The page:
Streams: Collecting into Maps in Java

Suppose you have a Stream<Person> and want to collect the elements into a map so that later you can look up people by their ID. The Collectors.toMap method has two function arguments that produce the map’s keys and values. For example,

Map<Integer, String> idToName = people.collect(

Collectors.toMap(Person::getId, Person::getName));

In the common case when the values should be the actual elements, use Function.identity() for the second function.

Map<Integer, Person> idToPerson = people.coUect(

Collectors.toMap(Person::getId, Function.identity()));

If there is more than one element with the same key, there is a conflict, and the collector will throw an IllegalStateException. You can override that behavior by supplying a third function argument that resolves the conflict and deter­mines the value for the key, given the existing and the new value. Your function could return the existing value, the new value, or a combination of them.

Here, we construct a map that contains, for each language in the available locales, as key its name in your default locale (such as “German”), and as value its localized name (such as “Deutsch”).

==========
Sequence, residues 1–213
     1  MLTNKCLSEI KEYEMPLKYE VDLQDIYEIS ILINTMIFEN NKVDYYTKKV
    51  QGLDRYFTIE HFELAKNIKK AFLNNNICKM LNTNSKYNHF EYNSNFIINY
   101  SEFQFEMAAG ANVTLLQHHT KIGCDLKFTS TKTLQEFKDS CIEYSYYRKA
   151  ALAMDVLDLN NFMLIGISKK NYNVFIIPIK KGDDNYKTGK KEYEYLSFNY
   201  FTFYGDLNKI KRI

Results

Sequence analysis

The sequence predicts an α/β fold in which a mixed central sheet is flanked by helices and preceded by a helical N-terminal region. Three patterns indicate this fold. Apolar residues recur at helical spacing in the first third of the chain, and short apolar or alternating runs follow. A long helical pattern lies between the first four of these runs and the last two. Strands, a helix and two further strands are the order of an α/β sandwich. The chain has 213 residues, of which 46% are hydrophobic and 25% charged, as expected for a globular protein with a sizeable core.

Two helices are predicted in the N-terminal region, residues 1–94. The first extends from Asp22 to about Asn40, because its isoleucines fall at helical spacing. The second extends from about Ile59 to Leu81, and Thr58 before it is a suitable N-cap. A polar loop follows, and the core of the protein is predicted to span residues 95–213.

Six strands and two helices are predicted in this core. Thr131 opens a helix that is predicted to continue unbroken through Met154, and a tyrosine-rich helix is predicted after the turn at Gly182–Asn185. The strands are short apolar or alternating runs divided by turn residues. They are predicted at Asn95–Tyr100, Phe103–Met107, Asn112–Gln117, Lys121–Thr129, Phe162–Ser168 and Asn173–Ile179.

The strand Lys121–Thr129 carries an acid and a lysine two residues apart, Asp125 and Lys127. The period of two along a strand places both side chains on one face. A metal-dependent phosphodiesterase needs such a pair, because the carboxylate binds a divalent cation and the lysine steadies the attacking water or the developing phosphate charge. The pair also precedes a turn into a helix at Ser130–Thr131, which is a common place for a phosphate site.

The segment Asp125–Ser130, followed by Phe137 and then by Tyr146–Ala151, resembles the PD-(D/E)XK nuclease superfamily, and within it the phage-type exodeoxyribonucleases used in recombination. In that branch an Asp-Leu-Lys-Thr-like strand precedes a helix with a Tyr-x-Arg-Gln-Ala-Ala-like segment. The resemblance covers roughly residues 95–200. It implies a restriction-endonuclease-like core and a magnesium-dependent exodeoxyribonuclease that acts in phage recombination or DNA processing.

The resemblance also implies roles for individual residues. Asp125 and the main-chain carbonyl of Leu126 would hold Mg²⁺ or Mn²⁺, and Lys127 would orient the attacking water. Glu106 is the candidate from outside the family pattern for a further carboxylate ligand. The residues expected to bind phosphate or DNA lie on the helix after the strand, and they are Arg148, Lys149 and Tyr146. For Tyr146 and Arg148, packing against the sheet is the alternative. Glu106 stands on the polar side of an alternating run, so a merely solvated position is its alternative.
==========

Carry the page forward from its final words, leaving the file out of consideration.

Stream<Locale> locales = Stream.of(Locale.getAvailableLocales());

Map<String, String> languageNames = locales.collect(



loc -> loc.getDisplayLanguage(loc),

(existingValue, newValue) -> existingValue));

We don’t care that the same language might occur twice (for example, German in Germany and in Switzerland), so we just keep the first entry.

Now suppose we want to know all languages in a given country. Then we need a Map<String, Set<String>>. For example, the value for “Switzerland” is the set [French, German, Italian]. At first, we store a singleton set for each language. Whenever a new language is found for a given country, we form the union of the existing and the new set.

Map<String, Set<String>> countryLanguageSets = tocates.cottect(



l-> CoUections.singteton(t.getDisptayLanguageO),

(a, b) -> { // Union of a and b

var union = new HashSet<String>(a);


return union; }));

You will see a simpler way of obtaining this map in the next section.

If you want a TreeMap, supply the constructor as the fourth argument. You must provide a merge function. Here is one of the examples from the beginning of the section, now yielding a TreeMap:

Map<Integer, Person> idToPerson = people.coUect(




(existingValue, newValue) -> { throw new IUegalStateExceptionO; },


The program in Listing 1.5 gives examples of collecting stream results into maps.

Source: Horstmann Cay S. (2019), Core Java. Volume II – Advanced Features, Pearson; 11th edition.

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